After Successful Phishing Scam, UA Officials Offer Tips to Stay Safe
University officials are reminding the campus community to beware of phishing scams after several employees complied with a bogus email request for their UA NetIDs and passwords and then had their paychecks diverted.
The person or people behind the scam – which originated from Nigeria – used the information provided by the employees to change their direct deposit settings via UAccess.
Bob Sommerfeld, UA Police Department assistant chief of police, said UAPD worked with University Information Technology Services to investigate and resolve the breach. Since the crime originated from outside the United States, UAPD notified the FBI.
Gil Salazar, interim deputy information security officer at the UA, said the issue was resolved fairly quickly with the help of UAPD, Human Resources and the payroll office, which was able to reissue paychecks to the affected employees.
There are several steps that employees can take to ensure that their accounts, information and computers aren't compromised or fall prey to a phishing attack.
One way is to sign up for NetID+, the UA's two-factor authentication system, which puts an extra layer of security on accounts by requiring a person's NetID and password plus additional verification via a phone call, text message, or other methods.
"Because the use of the internet and computers is a daily way of life and handles things from research to paying bills to making purchases, make sure that you use the web wisely and take steps that are designed to protect you," Sommerfeld said. "Yes, they might require added effort. But it's miniscule when compared to the efforts needed to correct a problem."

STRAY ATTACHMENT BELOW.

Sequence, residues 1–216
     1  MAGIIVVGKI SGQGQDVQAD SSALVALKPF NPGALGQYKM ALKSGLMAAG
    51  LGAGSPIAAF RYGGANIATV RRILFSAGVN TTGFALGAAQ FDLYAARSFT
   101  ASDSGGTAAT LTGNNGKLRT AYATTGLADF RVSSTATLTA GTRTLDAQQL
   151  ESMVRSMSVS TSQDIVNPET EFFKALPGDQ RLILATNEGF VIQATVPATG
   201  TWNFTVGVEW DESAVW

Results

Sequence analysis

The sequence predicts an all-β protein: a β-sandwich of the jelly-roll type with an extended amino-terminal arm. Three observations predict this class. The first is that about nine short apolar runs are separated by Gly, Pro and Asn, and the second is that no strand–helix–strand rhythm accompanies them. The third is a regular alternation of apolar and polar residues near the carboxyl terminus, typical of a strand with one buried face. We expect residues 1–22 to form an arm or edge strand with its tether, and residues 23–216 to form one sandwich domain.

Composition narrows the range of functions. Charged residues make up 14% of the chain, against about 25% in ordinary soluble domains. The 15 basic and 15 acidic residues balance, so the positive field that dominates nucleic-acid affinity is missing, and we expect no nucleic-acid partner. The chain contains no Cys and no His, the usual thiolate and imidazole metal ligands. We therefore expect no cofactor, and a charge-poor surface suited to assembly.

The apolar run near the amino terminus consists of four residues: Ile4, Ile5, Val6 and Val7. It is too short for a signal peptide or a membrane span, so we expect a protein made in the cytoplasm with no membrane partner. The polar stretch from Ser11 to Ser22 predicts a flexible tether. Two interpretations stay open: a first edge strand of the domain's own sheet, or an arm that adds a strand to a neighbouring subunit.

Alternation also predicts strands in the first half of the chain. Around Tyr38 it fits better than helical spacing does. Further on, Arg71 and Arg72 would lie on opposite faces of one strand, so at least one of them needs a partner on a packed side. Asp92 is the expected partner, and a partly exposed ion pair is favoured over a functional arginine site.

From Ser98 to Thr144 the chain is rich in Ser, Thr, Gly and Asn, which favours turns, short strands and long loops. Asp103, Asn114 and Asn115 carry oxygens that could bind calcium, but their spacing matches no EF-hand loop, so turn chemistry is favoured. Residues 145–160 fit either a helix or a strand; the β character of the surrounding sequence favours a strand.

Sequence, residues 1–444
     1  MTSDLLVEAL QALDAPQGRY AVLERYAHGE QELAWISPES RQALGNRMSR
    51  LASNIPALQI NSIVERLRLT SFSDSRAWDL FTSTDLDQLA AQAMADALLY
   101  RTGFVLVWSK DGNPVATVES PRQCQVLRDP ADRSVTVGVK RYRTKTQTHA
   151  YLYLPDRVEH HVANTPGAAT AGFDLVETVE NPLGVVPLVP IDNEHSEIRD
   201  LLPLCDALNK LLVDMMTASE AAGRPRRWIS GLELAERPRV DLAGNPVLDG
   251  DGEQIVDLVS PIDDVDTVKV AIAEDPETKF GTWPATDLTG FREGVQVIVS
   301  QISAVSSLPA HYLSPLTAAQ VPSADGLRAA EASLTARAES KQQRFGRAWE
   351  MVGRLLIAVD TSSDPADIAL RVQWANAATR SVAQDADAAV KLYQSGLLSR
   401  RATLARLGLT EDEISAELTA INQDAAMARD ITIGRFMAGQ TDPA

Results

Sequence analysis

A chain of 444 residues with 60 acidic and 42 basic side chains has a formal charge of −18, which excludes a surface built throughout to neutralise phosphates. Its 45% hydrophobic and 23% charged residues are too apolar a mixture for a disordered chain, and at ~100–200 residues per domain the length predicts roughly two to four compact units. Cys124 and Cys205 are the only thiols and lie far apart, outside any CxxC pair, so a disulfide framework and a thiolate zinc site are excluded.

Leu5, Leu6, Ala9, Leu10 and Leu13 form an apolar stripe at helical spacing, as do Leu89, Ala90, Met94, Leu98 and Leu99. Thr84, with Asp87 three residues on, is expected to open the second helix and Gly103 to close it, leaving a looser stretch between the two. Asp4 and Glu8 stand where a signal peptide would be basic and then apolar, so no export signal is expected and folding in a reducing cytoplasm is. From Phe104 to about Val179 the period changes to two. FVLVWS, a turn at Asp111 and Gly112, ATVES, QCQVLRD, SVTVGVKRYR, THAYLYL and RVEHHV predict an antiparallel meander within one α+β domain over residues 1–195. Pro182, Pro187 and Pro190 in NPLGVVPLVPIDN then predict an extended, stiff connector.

It's also recommended that employees enable Global NetID+, which will enforce two-factor authentication for all sites that use UA WebAuth authentication services, such as email and UAccess.
The UA, officials said, will never ask employees to provide their NetIDs or passwords via email.
Another recommendation is to not click on links in emails from unknown senders as they often have hidden URLs attached to them, Salazar said.
Sommerfeld encouraged employees to report any emails that ask for that information – and emails that look even slightly suspicious – by calling 621-8476 or forwarding the email with headers to email@example.com. To learn more about email headers, click here.
Salazar suggested that employees also visit the UA Information Security website, which offers workshops on detecting phishing emails. A feed is also set up on the website to alert visitors of any known phishing emails.